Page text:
Probability Theory is an integral part of machine learning as a discipline, and continues to play a major role in the development of the ﬁeld. The modularity of probabilistic models has repeatedly allowed for them to be extended and developed into general frameworks

for large classes of problems, like regression and density estimation. In many areas of statistics and machine learning, probabilistic formulations were not the ﬁrst to the table, but still helped improve understanding of implicit assumptions of the established statistical algorithms, helped with theoretical analysis, and lit the way to algorithmic extensions. Over the years, members of the department of empirical inference have contributed substantially to the ﬁeld of probabilistic learning.

Probability Theory is an integral part of machine learning as a discipline, and continues to play a major role in the development of the field. The modularity of probabilistic models has repeatedly allowed for them to be extended and developed into general frameworks for large classes of problems, like regression and density estimation. In many areas of statistics and machine learning, probabilistic formulations were not the first to the table, but still helped improve understanding of implicit assumptions of the established statistical algorithms, helped with theoretical analysis, and lit the way to algorithmic extensions. Over the years, members of the department of empirical inference have contributed substantially to the field of probabilistic learning.

**Gaussian Process Regression**: The textbook on Gaussian processes for machine learning, written by Carl Rasmussen in collaboration with Christopher Williams\footnote{Rasmussen \& Williams, \emph{Gaussian Processes for Machine Learning}, MIT Press, 2006} has played a major role in the development of the Gaussian process framework into a workhorse of machine learning. In 2009, the book was awarded the deGroot Prize for Best Text on Bayesian Inference. Nickisch and Rasmussen pubLink{5305} wrote a comprehensive overview of Gaussian process classification. Rasmussen and Nickisch pubLink{6779} created the GPML toolbox, by far the most comprehensive package for Gaussian processes; originally, this was conceived as the code for the book, but by now it greatly exceeds models and algorithms discussed in the textbook, and is still being actively developed. Duvenaud, Nickisch and Rasmussen pubLink{DuvenaudNR2012} have provided a recent contribution on structure in Gaussian process models using classical concepts of additivity. Nickisch pubLink{6939} developed a toolbox for generalized linear models, providing scalable, efficient routines for inference in sparse linear, logistic, and abstract classification models.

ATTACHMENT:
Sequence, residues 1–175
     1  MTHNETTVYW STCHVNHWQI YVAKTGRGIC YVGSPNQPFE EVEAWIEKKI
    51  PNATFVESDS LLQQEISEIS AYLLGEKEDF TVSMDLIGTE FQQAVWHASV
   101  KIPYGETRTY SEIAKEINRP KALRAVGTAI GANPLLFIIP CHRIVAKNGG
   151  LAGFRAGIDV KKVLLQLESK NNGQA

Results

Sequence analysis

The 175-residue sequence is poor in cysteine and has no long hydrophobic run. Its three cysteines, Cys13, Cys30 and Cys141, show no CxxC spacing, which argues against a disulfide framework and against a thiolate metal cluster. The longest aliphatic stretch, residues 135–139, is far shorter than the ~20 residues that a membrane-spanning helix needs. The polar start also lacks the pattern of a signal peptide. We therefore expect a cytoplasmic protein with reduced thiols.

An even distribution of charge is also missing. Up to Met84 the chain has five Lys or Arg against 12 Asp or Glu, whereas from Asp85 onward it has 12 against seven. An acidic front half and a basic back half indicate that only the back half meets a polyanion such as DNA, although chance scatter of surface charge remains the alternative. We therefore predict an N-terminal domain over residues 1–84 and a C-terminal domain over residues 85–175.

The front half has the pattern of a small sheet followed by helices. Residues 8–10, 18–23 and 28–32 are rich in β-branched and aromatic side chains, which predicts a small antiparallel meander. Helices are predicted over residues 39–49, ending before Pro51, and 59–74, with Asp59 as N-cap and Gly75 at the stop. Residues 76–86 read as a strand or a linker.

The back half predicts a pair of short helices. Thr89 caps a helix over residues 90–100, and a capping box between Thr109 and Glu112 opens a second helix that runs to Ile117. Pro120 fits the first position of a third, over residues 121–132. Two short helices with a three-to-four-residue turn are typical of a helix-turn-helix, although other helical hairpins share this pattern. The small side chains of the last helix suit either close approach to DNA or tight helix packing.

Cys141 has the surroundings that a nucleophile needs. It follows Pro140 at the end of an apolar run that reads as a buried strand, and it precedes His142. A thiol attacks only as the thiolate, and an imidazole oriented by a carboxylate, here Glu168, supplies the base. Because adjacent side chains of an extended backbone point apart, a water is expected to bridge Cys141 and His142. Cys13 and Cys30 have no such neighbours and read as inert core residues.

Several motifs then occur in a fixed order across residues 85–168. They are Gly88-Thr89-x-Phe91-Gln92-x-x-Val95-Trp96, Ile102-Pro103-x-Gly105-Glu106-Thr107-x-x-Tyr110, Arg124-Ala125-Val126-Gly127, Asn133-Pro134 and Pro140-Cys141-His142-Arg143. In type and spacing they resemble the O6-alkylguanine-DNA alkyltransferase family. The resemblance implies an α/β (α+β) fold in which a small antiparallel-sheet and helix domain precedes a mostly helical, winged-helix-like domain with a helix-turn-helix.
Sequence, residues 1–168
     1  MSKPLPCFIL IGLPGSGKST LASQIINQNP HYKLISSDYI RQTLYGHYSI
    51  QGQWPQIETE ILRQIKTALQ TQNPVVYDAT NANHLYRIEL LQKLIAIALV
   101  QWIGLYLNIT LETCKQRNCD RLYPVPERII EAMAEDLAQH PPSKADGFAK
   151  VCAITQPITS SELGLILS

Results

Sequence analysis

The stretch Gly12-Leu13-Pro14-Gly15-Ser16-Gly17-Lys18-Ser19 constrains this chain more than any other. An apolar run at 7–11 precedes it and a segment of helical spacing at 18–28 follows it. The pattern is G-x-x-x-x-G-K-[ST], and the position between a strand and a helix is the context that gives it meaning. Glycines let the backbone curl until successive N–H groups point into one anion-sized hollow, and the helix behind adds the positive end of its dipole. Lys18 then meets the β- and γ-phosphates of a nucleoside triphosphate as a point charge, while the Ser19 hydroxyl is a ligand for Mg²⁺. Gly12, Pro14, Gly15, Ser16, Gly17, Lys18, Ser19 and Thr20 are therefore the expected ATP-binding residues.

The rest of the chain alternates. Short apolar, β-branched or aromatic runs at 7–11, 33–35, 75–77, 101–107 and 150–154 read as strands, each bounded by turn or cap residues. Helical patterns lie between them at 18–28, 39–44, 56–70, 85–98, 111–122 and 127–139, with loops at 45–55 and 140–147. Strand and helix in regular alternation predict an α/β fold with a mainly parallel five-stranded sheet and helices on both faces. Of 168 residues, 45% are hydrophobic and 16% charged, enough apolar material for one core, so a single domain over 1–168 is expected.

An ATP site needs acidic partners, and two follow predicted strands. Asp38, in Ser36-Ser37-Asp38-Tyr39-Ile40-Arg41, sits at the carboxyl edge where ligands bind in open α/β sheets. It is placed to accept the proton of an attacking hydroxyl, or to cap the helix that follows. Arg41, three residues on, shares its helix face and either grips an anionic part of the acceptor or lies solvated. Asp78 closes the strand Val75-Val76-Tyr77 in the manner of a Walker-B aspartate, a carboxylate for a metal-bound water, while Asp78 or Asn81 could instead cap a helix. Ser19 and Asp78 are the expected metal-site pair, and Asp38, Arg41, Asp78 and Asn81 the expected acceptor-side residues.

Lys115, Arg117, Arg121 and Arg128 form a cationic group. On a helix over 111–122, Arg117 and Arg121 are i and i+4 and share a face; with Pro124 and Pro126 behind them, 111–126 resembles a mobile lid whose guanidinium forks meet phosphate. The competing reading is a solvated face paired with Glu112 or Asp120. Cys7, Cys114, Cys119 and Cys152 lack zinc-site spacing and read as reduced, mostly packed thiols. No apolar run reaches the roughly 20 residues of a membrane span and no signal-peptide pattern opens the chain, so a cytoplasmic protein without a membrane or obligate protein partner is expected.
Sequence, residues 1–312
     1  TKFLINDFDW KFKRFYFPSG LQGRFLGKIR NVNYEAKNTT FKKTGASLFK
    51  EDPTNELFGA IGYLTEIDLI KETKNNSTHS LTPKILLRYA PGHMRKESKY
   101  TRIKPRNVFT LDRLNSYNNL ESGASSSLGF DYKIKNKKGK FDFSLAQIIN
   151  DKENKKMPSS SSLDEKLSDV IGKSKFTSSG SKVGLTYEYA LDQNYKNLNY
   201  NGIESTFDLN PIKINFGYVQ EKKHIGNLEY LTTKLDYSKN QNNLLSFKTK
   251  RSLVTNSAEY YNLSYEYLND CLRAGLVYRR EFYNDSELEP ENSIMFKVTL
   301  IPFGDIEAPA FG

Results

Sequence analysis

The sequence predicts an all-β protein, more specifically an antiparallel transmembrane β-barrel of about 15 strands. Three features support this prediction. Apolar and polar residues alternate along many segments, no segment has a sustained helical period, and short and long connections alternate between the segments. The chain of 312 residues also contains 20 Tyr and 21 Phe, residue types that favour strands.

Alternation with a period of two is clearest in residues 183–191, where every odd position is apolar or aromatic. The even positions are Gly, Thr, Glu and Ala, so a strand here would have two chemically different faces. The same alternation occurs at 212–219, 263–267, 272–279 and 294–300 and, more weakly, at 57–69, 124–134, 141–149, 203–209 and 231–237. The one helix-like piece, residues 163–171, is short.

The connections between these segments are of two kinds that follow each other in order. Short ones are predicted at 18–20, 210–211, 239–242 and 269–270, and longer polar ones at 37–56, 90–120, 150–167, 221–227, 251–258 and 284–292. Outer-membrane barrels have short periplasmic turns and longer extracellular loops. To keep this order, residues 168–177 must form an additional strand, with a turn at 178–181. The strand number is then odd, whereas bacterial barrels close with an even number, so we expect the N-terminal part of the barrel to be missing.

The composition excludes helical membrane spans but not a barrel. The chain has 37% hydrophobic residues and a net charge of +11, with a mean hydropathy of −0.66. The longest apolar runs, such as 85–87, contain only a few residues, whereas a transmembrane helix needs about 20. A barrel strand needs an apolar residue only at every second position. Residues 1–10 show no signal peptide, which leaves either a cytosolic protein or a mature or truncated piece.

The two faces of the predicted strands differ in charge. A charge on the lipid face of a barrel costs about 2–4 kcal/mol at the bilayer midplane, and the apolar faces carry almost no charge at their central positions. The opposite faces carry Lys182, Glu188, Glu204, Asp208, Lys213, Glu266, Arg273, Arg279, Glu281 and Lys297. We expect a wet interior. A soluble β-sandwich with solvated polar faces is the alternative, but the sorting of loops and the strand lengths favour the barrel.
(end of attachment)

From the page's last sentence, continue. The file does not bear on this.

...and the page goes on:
**Approximate Inference Methods**: The computational complexity of probabilistic formulations demands good numeric and algebraic approximation methods. Consequently, probabilistic models and approximation methods have developed alongside each other. Among the contributions to this area from members of the department, Habeck pubLink{Habeck2012_2,Habeck2012_3} introduced a framework for the estimation of free energies and densities of state from equilibrium Monte Carlo simulations, offering a more robust and flexible alternative to thermodynamic integration. Seeger and Nickisch pubLink{SeegerN2011} developed a highly efficient, and provably convergent algorithmic improvement to the Expectation Propagation framework. Hennig et al. pubLink{HennigSHG2012} contributed a lightweight, and numerically stable approximation for inference in latent Dirichlet models, allowing for efficient latent nonparametric dependency modeling between discrete distributions.